Unfortunately, this doesn't always work. Last week, a careless gesture by a daughter resulted in the virtual destruction of my Schacht kate, leading me to a full-blown artistic temprament meltdown. My daughter did nothing intentional, there was no malice intended, but losing major components to a piece of equipment is quite a blow. The parts can be replaced, but that takes time. And money.

The reason for the meltdown was not the damage to the kate--there are plenty of ways around that problem. The real reason was the age-old balancing act that creative women have always had to perform. Creativity of any type, be it visual art, writing, performing, is hugely demanding. There are times that one requires quiet, solitude, focus. And raising a family, meeting the needs of a spouse and household, even in this enlightened age of shared gender roles, seem to eat more into a woman's life than into a man's. My husband does not have to clear the kids' breakfast dishes off his desk before he can start work. The girls can leave their school books or art project laying around their bedroom and just close the door. I have to put everything away at the end of a workday, then clean the room, pull the work and tools out and reset the workspace before I can do anything. Then I have to spend half-an-hour hunting for scissors. And because I work in the home, at my own pace, I can drop everything to give rides, run for groceries, make meals and help with homework.

I know that my creativity and productivity is being limited by the constant disruptions. I also know that I am as guilty as anyone else in pushing my artistic priorities to the back burner-- my family is more important to me. But I would dearly love to have a little room that I can go into and lock the door and say "I'll come out when I'm done". At least for today.

Sunday, January 07, 2007

Back to Normal

I guess things are back to normal--or what passes for normal around here!

With the celebration of Ukrainian Christmas Eve last night, the holidays are officially over at Casa Boyd. With the exception of the week that I was felled by our good friend Influenza A, it has been a bit of a whirlwind this year. While we usually stay home for the Christmas season and take it easy, this year we were off to the big city to see family. Preparing to travel, travelling, sleeping in a strange bed, travelling back, and unpacking were all my principle arguments against going away for Christmas in the past. And I still stand by them. However, it was really great to have everyone gathered together for a few days and spend some time with both the kids and the parents. The opportunities to do that are getting fewer and farther between, so it was worth the stress and the ensuing flu.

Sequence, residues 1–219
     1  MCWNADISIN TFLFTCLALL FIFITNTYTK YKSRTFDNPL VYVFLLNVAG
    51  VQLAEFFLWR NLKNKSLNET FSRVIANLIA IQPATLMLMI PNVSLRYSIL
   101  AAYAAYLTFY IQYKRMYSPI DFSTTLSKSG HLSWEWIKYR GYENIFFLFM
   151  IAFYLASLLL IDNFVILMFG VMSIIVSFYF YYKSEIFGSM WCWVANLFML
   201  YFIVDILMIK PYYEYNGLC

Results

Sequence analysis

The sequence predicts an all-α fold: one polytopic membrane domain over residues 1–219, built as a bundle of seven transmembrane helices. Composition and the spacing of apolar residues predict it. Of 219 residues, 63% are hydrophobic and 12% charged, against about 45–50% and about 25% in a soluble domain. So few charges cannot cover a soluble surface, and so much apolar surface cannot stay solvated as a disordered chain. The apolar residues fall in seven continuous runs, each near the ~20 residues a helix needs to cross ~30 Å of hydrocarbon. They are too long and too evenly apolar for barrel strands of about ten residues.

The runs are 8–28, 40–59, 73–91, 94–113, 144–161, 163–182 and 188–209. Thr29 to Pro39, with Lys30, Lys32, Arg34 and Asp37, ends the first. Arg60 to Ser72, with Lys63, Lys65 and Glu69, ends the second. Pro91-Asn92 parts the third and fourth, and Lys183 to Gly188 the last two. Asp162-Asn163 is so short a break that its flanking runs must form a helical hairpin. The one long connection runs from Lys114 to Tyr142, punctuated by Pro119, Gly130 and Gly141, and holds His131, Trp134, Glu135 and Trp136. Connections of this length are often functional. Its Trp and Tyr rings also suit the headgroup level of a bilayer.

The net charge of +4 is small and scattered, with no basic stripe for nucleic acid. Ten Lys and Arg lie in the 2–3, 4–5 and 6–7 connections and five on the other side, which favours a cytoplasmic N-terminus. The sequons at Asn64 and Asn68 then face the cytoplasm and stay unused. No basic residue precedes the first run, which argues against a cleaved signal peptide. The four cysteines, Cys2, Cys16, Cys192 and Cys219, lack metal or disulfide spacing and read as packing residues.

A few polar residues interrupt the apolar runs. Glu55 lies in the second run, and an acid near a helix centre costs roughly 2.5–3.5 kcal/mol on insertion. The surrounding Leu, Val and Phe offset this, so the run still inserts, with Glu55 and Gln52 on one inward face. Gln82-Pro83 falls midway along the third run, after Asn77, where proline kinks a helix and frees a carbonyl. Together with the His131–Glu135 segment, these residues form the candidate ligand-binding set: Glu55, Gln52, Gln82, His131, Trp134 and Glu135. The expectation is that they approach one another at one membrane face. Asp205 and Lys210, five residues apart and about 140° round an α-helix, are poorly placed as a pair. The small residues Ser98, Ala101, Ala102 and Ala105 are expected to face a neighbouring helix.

As always, I did a whack of Christmas knitting. I'm not really production-oriented, but it was a great feeling to churn out project after project.

The only large-scale project was this vest for my Mom. The pattern is from Knitty, and is called The Rocks. I had a wee yardage malfunction, which I am still not sure whether it was my fault or the pattern's, but in the end, it all worked out. The yarn is an acrylic/alpaca/cotton blend whose name and manufacturer escape me as I have misplaced the ballband, and the collar and pocket trim is a wee bit of Fleece Artist mohair.

Everyone else got hats and mitts. The mitts were all on the needles at the time of the picture, but they were all done in time for the big day, which is all that matters.

And, because I am a miracle worker, I also whipped out a couple of scarves as teacher gifts the evening before the last day of classes. Apparently, chocolates just don't cut it anymore! I had grand intentions of posting the pattern before I went away at Christmas, but time somehow slipped away. Perhaps this week....

The girls are back to school tomorrow, which means I have to get back to work myself. I am determined to finish my in-depth study by March, if not sooner. There really isn't that much left to do, so I should meet that deadline easily if I don't get distracted or injured yet again. Touch wood.

Today, though, a little mindless woollen spinning to settle back in and unwind.